The scrapbook of Kay Delaney's mind is nearly blank. Delaney, 55, slipped and hit her head at work last year, erasing more than 20 years of memories that include raising her three children, according to several reports.

Delaney, 55, believes she is 34. The last thing she can remember is putting her oldest son and daughter to bed in the early 1990s, according to the Telegraph.

"I cannot even begin to describe the pain and sense of loss I feel every day of not being able to remember my children growing up, let alone not being able to remember my youngest child," she said in the Sun.

Delaney was diagnosed with retrograde amnesia, which the Mayo Clinic defines as the "impaired ability to recall past events and previously familiar information."

The Newton, England resident's memory void is a cruel irony, given that she specialized in dementia care as a manager of nursing homes. She sustained her injury when she fell at one of the homes last summer.

Retrograde amnesia can strike even the toughest. Scott Bolzan, who played briefly in the NFL, slipped in the bathroom in 2008 and slammed the back of his head on the floor, wiping out 46 years of memory, ABC News reported.

The deleted fragments of his life included a still-born daughter and the later birth of two children, one of whom has wrestled with heroin addiction. "It's been a long struggle," Bolzan said. "I have rebuilt my life through pictures and stories, and from family friends, mostly my wife." (A New York Post story cast doubt on Bolzan's condition, suggesting he possibly faked memory loss to escape financial woes.)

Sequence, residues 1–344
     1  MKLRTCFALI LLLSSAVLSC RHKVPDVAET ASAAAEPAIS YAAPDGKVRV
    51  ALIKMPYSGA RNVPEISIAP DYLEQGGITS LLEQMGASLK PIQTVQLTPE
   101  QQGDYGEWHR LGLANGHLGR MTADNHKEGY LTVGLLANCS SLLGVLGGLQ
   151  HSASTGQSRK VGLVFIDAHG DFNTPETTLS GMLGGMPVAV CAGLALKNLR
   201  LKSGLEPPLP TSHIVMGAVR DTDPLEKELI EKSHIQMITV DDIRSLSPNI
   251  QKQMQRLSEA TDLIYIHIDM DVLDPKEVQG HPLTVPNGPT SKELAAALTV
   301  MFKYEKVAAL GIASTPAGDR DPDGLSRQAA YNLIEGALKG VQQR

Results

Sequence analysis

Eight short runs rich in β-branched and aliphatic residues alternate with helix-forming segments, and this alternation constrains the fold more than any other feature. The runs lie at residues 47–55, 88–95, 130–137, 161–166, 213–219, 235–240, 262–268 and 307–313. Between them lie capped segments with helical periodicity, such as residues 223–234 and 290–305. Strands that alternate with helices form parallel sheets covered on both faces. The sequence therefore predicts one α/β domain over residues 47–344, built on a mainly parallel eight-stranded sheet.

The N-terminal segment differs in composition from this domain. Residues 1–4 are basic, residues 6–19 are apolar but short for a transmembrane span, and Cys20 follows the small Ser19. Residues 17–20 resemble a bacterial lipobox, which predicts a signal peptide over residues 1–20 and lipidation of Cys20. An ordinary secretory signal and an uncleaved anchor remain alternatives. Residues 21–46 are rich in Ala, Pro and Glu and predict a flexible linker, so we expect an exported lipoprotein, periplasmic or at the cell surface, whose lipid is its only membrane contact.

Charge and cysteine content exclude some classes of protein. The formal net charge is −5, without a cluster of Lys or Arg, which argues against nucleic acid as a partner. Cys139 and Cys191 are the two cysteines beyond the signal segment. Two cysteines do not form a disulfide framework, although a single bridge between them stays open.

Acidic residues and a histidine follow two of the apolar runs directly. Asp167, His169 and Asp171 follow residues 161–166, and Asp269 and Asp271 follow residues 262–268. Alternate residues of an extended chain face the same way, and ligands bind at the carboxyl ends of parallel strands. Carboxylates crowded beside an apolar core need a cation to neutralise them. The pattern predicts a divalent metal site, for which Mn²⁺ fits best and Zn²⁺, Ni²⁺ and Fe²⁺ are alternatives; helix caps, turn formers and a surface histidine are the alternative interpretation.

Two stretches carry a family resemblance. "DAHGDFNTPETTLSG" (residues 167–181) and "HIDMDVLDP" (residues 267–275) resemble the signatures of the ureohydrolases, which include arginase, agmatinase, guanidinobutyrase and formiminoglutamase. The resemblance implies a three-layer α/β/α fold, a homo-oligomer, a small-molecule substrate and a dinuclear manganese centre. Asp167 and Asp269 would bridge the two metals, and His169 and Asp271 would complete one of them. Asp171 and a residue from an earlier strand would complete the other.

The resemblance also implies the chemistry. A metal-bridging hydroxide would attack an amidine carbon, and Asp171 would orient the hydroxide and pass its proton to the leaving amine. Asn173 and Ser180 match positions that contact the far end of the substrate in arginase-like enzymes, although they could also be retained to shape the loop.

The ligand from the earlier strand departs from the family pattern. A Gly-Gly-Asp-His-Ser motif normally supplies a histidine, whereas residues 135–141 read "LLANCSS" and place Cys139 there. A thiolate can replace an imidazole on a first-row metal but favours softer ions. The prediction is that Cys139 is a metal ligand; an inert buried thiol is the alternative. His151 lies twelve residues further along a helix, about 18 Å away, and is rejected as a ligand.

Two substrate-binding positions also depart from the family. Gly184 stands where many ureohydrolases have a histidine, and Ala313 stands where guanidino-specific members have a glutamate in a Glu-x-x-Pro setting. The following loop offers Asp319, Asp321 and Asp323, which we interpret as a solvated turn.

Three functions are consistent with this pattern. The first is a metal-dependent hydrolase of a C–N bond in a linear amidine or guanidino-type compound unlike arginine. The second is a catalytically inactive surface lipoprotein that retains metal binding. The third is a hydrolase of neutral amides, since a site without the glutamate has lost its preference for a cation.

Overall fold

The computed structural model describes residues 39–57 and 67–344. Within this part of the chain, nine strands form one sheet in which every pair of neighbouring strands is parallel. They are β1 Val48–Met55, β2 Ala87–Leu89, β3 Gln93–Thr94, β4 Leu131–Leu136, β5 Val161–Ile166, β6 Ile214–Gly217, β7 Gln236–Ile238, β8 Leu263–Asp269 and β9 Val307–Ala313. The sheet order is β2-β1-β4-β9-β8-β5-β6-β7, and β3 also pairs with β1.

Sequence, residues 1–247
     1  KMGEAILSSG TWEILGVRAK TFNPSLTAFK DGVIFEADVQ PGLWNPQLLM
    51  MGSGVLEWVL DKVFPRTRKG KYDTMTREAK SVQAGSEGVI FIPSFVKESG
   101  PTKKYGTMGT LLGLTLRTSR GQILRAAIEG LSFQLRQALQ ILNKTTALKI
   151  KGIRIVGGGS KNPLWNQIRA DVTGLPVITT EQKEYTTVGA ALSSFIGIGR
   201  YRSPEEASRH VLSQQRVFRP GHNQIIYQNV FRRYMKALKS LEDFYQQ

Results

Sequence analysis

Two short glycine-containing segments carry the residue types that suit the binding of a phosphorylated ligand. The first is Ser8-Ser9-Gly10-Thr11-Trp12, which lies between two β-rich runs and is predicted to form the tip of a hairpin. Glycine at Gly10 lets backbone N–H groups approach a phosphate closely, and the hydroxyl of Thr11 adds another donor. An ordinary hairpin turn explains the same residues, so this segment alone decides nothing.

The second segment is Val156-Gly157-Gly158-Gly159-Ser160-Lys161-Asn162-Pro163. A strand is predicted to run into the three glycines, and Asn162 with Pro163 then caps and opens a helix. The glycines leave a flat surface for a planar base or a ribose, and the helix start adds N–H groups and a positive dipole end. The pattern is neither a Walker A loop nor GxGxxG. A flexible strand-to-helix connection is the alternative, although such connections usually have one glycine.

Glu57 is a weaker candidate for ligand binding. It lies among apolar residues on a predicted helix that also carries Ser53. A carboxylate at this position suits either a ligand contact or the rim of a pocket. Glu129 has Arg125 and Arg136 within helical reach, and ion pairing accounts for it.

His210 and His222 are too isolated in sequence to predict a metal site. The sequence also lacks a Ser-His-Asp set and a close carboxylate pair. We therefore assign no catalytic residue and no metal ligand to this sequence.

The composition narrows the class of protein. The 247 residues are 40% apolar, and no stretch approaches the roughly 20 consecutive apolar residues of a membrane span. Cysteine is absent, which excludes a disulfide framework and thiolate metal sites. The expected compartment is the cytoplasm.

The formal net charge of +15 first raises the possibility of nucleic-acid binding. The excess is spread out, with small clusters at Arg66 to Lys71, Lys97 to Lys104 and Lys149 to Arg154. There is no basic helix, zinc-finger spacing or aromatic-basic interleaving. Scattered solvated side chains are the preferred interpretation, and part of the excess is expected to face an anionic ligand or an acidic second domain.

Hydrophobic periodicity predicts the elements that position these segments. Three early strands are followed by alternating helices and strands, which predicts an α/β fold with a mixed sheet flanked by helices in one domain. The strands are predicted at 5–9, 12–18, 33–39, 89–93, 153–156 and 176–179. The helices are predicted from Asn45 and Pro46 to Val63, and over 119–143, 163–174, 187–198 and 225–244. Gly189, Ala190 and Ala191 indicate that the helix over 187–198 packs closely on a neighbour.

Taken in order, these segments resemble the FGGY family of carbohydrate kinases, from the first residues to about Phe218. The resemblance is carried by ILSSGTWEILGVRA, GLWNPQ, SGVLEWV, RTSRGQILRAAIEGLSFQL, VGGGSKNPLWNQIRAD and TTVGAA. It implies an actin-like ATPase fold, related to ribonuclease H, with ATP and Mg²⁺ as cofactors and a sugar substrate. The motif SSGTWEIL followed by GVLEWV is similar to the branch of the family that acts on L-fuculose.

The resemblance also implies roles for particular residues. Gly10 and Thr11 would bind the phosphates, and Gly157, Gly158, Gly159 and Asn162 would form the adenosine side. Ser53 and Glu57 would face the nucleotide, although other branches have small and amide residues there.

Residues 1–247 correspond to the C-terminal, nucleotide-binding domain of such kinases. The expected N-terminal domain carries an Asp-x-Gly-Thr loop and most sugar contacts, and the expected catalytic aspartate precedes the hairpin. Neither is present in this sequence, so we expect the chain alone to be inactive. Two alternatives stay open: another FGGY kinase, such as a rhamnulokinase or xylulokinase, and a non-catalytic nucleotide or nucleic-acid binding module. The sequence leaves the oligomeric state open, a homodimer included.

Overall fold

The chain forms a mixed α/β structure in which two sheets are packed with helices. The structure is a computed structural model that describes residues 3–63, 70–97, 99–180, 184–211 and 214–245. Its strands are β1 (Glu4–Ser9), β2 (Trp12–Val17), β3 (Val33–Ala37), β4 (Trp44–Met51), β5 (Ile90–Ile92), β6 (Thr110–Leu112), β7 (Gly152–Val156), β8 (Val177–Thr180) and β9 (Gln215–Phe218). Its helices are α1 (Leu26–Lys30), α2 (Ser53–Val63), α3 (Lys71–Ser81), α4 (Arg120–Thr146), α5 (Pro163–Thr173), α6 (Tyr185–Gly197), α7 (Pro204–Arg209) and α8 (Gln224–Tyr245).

Delaney, the mother of three whose accident was on July 25, 2011, expressed deep sadness and loss over a now-vacant "sense of motherhood," the Daily Mail wrote. The relationships she has with her two eldest children, 27-year-old Kenny and 23-year-old Sandy, are mostly friendships now, she said. Her youngest, now 20, is a stranger to her, causing wrenching guilt, several newspapers wrote.

She uses Post-it notes in an effort to hang on to new memories but everyday life is a struggle. She has weakness on one side that causes her to stumble, and she forgets easy tasks such as boiling water to make coffee, several stories noted. Her boyfriend Robert takes care of her full-time.

"The results of the accident have left my life in complete tatters and has become a heavy burden for my partner and children," she explained in the Mail. "None of our lives will ever be the same again."

Now without work and memories of motherhood, "I struggle to understand what role and purpose I now have in life," she said in the Telegraph.